Tuesday, February 9, 2010 at 7:30pm
Child Bride (aka Child Bride of the Ozarks)
Harry J. Revier, 1938, 16mm, 62 mins
Archival print courtesy of the UCLA Film and Television Archive
Introduced by Emma Brenner-Malin and Joshua Solondz
Unafraid to probe the darkest corners of American society, Light Industry whisks you back to the exotic Ozarks of the 1930s, to the backwards life of simple hillbilly folk untouched by modern industry—or contemporary morals. Let us show you an era when lust was called just, when any blossoming prepubescent could be seized by throngs of men thrice her age (or more!) for a life without education or opportunity. See the fight for progressive reform to protect our youth from perverts, mongoloids, and midgets! See moonshiners and bootleggers scrabbling for survival in the Great Depression! See the film once advertised as "sexsational" and an expose of "young victims of men's desire!" See—Child Bride!
Exploitation pioneer Kroger Babb--notorious promoter of the classic "hygiene film" Mom and Dad and distributor of drug cautionary She Shoulda Said No--produced and released Child Bride in 1938 on a skid-row budget of $2,400 dollars. Shirley Mills debuts as the 12 year-old Jennie Colton. Angelo Rossitto of Freaks and Mad Max: Beyond Thunderdome fame appears as Angelo the dwarf.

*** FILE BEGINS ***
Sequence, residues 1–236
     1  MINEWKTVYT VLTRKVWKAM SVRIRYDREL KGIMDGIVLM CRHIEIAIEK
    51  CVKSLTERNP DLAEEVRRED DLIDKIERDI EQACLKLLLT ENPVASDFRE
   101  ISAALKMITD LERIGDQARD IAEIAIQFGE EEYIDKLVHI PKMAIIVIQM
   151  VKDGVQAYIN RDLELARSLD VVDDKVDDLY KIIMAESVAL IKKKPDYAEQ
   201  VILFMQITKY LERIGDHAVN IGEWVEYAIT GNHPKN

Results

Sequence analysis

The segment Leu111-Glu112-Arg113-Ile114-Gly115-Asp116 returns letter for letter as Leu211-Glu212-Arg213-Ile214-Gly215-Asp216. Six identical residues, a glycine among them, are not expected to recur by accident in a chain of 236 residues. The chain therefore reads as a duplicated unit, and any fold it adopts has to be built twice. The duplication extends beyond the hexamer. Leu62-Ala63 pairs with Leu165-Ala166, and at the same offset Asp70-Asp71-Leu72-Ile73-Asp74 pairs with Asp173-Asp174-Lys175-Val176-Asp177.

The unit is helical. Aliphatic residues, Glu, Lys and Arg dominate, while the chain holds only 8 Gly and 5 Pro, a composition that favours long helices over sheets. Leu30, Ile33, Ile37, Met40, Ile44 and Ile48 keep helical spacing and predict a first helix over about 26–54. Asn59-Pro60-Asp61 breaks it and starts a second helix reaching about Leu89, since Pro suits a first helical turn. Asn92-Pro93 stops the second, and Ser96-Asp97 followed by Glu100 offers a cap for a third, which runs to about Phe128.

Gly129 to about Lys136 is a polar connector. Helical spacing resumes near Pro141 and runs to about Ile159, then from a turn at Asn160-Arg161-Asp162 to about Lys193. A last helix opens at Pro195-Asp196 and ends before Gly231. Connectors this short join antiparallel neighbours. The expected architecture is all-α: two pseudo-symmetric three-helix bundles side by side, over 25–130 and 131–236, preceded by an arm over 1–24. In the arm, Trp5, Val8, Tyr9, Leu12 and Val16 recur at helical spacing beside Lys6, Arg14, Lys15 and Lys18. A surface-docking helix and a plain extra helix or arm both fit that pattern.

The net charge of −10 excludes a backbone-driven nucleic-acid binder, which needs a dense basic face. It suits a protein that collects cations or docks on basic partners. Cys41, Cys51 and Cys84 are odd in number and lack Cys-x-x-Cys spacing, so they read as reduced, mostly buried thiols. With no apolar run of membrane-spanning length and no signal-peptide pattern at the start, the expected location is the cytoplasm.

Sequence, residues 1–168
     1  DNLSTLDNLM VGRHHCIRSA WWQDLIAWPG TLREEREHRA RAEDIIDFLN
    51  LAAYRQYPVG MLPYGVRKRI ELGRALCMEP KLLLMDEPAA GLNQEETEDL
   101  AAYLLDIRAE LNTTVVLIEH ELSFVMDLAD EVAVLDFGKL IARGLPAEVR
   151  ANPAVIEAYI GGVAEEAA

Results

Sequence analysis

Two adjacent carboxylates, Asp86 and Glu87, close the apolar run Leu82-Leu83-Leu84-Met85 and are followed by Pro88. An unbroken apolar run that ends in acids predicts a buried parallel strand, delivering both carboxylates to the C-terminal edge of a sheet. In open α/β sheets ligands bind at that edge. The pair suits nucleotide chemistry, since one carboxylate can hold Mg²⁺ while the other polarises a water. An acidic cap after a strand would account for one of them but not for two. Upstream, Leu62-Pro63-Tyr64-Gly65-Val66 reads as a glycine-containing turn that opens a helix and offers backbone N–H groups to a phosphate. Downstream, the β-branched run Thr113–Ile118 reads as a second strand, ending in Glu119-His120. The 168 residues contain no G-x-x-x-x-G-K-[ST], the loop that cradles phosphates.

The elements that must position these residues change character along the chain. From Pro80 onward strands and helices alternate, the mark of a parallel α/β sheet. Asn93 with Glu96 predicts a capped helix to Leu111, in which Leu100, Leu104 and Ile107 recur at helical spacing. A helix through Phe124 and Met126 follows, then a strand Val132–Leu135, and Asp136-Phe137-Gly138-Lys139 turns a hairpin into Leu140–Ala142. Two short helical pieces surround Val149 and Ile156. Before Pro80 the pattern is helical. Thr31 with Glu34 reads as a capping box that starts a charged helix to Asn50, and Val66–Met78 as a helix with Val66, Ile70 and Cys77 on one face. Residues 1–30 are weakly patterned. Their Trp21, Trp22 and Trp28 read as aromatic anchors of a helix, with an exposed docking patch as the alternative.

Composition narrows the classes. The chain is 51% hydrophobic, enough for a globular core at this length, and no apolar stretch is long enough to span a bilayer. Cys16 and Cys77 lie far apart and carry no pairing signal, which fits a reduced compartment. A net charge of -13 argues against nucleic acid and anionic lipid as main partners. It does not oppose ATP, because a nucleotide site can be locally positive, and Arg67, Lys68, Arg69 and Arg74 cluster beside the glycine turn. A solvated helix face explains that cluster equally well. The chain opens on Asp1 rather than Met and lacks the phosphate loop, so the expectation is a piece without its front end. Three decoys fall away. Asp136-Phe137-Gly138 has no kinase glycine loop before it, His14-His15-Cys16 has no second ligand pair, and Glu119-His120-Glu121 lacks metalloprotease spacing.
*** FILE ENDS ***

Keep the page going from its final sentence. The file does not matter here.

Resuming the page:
"The last film directed by Revier, who began his career as the head of a small cinema lab around 1915, is a totally independent production, in the tradition of the sex comedies of the period (which, to today’s eyes, seem quite tame). It concerns the marriage of two 13-year-old children in a remote and probably fictitious corner of America. Through wide and long shots, the film works toward an aesthetics of transparency, of evidence, of nudity, one founded on luminous cinematography that makes everything seem effortless and limpid. The director seems to have nothing to do with the action and this helps compensate for the scandalous aspects of the story. One thinks of the Preminger of Exodus or of Mizoguchi’s Princess Yang Kwei Fei. This mysterious film, which does not even appear in the Catalog of Copyright Entries (the listing fee would’ve cost too much), serves as a litmus test for determining whether the person you’re talking to is a true cinephile."
- Luc Moullet
“The most atrocious thing I ever saw.”
– Mildred Horn, Kroger Babb’s wife
Emma Brenner-Malin and Joshua Solondz are interns at Light Industry.
Tickets - $7, available at door.